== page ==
It’s amusing that Tina Brown is still making up a cover for Newsweek, as if to remind us that there’s still part of the franchise that she hasn’t run into the ground, but that she’s working on it.

  6. ploeg says:

    It’s of a piece with the conservative belief that government might be necessary but is at best a duty that our betters must endure. If you are ambitious to do great things in government, you are a politician. If you aren’t, you’re not, even if you end up spending your entire life serving in various posts.

    When I visited Monticello last 5th July, the tour guide talked about how Jefferson saw each political post as a duty and longed to get back home when he could. I don’t doubt that he said and felt this (his gravestone famously omits the fact that he was president of the United States). But it seems simple to claim therefore that he wasn’t a politician, that he didn’t chase after these posts and take full advantage of them if he could, or to think less of him for doing so. He undoubtedly fully enjoyed his time as ambassador to France (as, upon arrival back home, he ripped down his house and rebuilt it according to the architectural ideas that he picked up overseas).

  7. c u n d gulag says:

    Tina Brown – the Dr. Kevorkian of publishing.

  8. Davis says:

    Besides Krugman, I can’t think of a single economics pundit that is an actual economist. No, instead we get the egregious Megan McGardle and Robert Samuelson. For a ling time I thought that Samuelson was an economist, and that he was related to the great Paul Samuelson (I still have his textbook!). He’s neither. I’m pretty sure that Brad Delong or James K. Galbraith would be willing to write a regular column. Maybe then we would not have all this nonsense about the deficit.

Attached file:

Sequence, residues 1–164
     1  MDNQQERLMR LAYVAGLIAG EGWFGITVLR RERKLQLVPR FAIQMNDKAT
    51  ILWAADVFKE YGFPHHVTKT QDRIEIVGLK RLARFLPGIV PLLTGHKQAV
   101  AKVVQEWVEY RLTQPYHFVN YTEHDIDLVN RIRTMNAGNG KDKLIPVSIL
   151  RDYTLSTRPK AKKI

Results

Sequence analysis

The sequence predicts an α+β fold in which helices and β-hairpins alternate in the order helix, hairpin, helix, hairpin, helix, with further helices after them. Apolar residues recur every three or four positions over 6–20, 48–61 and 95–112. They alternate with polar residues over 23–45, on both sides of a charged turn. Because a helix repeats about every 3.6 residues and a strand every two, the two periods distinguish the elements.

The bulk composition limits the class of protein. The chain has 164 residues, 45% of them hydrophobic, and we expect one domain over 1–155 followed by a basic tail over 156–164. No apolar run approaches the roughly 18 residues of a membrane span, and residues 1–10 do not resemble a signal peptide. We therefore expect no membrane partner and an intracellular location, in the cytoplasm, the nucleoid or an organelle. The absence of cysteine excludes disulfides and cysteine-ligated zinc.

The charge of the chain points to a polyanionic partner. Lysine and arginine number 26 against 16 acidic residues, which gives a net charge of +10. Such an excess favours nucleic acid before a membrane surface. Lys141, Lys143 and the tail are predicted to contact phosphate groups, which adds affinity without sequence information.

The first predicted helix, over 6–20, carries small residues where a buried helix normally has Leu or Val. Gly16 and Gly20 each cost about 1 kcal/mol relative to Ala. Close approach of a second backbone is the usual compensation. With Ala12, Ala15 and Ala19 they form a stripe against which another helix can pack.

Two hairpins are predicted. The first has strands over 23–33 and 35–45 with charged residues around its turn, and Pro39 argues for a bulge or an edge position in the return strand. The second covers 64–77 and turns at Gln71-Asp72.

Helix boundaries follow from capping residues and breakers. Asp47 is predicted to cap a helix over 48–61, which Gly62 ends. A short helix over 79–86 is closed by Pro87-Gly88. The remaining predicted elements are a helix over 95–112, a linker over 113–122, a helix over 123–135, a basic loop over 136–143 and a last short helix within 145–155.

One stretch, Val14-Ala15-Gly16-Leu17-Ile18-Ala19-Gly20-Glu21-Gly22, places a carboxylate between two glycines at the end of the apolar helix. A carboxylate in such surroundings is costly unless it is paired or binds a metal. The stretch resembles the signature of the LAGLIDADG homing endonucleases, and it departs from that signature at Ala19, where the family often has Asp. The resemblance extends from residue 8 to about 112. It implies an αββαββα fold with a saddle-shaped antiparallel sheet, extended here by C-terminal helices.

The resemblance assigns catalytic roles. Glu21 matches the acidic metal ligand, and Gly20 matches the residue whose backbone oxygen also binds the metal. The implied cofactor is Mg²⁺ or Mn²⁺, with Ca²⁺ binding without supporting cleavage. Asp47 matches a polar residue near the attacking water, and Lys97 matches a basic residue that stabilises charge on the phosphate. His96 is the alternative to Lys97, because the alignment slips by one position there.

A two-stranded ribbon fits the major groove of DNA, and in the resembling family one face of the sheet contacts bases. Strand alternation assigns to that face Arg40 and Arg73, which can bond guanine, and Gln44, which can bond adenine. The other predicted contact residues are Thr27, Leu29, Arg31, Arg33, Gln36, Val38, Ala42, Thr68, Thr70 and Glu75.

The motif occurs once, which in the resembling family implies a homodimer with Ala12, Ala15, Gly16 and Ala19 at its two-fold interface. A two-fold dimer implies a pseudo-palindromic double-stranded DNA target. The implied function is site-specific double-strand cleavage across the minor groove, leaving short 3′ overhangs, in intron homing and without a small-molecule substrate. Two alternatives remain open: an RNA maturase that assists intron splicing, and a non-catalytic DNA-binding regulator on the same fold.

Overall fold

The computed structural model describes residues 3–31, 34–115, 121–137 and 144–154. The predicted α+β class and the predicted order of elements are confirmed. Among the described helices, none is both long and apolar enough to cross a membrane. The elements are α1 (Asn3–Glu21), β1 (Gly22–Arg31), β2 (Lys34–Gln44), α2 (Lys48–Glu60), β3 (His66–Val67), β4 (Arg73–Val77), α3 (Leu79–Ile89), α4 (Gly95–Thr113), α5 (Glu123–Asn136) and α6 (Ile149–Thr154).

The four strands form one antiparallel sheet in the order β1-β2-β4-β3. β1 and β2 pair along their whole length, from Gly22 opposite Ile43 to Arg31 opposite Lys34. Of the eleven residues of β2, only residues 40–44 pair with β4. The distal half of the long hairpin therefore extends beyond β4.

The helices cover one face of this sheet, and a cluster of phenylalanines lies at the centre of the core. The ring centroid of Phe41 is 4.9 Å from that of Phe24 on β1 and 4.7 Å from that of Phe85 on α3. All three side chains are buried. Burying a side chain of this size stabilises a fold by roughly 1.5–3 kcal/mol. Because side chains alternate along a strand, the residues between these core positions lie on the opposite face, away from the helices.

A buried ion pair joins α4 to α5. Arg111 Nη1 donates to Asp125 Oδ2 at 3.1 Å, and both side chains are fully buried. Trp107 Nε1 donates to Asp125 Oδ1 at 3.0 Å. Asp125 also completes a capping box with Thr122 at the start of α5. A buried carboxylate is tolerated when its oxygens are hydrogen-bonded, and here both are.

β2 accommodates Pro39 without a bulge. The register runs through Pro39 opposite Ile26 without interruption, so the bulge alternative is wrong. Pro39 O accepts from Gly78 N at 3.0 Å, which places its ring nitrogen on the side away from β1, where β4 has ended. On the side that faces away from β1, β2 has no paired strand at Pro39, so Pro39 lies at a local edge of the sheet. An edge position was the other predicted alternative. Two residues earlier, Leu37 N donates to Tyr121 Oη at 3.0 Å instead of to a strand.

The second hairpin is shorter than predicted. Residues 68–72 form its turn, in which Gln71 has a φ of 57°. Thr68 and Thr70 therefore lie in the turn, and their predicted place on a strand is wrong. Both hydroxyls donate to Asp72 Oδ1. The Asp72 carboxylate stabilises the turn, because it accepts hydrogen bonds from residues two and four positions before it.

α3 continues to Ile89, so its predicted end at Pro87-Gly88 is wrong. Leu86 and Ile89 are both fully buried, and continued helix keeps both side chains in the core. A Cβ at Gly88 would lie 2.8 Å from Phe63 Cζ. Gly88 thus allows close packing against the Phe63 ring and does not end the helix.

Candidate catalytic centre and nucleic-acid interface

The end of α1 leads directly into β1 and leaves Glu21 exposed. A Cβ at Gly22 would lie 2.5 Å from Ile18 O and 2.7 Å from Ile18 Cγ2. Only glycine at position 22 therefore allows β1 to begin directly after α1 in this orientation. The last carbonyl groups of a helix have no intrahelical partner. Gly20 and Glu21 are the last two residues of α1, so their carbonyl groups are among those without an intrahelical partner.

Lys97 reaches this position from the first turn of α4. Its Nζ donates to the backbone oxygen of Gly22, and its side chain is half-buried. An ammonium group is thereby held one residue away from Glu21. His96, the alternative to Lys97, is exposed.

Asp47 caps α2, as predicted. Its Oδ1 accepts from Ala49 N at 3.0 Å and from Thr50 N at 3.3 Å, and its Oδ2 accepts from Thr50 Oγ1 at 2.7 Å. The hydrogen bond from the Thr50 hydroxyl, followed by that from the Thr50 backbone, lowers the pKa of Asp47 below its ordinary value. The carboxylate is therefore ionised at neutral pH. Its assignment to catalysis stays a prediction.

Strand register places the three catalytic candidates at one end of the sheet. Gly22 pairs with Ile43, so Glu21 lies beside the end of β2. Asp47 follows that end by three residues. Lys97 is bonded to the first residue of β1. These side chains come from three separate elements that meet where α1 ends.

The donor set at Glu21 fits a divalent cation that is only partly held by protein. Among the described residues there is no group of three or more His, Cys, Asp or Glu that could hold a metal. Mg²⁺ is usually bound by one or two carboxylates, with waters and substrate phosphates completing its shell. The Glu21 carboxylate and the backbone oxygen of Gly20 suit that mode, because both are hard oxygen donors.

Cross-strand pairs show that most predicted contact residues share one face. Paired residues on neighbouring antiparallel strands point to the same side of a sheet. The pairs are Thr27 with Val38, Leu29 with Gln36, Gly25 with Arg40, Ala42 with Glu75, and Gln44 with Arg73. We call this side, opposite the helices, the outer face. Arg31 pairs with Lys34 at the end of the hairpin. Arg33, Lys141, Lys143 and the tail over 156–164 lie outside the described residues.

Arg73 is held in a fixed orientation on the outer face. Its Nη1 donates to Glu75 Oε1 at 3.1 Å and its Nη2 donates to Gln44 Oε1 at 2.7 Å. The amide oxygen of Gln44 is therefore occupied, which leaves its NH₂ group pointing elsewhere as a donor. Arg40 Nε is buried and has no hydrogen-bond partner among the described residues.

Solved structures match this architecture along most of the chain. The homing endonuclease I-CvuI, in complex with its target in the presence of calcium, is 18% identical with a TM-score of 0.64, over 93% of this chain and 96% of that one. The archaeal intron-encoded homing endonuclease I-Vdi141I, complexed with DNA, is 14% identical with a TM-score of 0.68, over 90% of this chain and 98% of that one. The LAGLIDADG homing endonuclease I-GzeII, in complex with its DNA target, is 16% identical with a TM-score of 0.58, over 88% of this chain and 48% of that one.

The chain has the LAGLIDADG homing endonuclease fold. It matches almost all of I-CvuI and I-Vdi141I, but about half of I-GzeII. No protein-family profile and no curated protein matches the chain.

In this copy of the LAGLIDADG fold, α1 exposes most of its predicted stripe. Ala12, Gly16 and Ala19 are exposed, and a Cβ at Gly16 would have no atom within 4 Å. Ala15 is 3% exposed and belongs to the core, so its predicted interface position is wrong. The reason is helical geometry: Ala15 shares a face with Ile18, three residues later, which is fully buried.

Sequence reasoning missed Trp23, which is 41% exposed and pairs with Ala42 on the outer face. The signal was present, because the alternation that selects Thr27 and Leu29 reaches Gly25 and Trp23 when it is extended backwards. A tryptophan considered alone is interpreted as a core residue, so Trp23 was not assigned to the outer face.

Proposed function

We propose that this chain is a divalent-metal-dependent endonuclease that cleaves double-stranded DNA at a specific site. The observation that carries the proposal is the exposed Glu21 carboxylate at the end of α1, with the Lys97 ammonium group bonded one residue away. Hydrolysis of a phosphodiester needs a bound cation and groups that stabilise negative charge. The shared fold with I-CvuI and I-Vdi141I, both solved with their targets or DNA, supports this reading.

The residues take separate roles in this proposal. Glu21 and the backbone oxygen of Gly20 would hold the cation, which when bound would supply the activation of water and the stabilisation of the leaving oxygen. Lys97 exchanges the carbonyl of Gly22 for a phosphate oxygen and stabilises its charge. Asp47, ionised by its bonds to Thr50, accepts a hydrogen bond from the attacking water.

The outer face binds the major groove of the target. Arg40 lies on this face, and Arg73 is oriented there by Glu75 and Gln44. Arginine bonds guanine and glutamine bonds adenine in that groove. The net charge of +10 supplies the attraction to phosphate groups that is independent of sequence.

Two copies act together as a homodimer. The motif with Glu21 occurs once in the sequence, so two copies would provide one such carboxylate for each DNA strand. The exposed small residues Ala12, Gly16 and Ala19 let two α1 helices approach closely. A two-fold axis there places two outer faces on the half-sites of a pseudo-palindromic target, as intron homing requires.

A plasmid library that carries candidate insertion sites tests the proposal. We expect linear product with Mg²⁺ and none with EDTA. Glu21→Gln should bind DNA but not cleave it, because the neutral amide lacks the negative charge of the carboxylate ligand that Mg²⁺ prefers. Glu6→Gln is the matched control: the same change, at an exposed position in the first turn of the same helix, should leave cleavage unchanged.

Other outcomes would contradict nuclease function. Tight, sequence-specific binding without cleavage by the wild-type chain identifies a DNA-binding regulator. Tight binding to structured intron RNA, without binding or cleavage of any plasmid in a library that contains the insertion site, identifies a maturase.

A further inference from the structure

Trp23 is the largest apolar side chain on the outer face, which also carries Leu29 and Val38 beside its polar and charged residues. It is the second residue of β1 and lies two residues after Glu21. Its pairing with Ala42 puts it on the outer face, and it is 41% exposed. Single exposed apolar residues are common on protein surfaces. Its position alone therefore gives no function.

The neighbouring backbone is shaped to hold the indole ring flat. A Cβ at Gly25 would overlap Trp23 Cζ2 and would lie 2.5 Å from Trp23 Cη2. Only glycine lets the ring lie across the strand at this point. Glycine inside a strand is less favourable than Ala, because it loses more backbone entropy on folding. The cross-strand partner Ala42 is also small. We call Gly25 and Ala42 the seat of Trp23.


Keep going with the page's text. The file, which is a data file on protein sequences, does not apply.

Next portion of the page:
9. Derelict says:

    One thing that absolutely must be understood: Publishing complete crap is the desired model in the business today.

    Tina Brown’s record of abject failure at every enterprise she’s helmed is seen in publishing as a record to stellar accomplishment. That’s why she will remain sought after no matter what happens. Her giving space to fabulists like Ferguson is just a part of what makes her so appealing in the industry.

    • Captain Splendid says:

      One thing that absolutely must be understood: Publishing complete crap is the desired model in the business today.

      Always has been. You are not the customer, you are the product, delivered to the advertisers, who are the customers. Any incidental entertainment or news that leaks through is just a cute bonus.

  10. Incontinentia Buttocks says:

    I dunno, Scott. The presence of all those links in the OP suggest that we’re living in a world that’s hyperconnected!

  11. fledermaus says:

    I have a hard time believing that nobody at Newsweek knew about the political experience of Madison, Hamilton, Jefferson et al

    Methinks you give them too much credit. The DC courtiers masquerading as journalists are chosen more for social ability and signaling rather than genuine knowledge. It’s more important to believe the myths of American history than to have actual knowledge of what happened. Heck, look at how much of the last 30 years they pretend to have no knowledge of.

  12. Boots Day says:

    I’d be surprised if Newsweek.com lasts through 2013. There’s simply no reason for it to exist at this point.

Leave a Reply

You must be logged in to post a comment.

  • Switch to our mobile site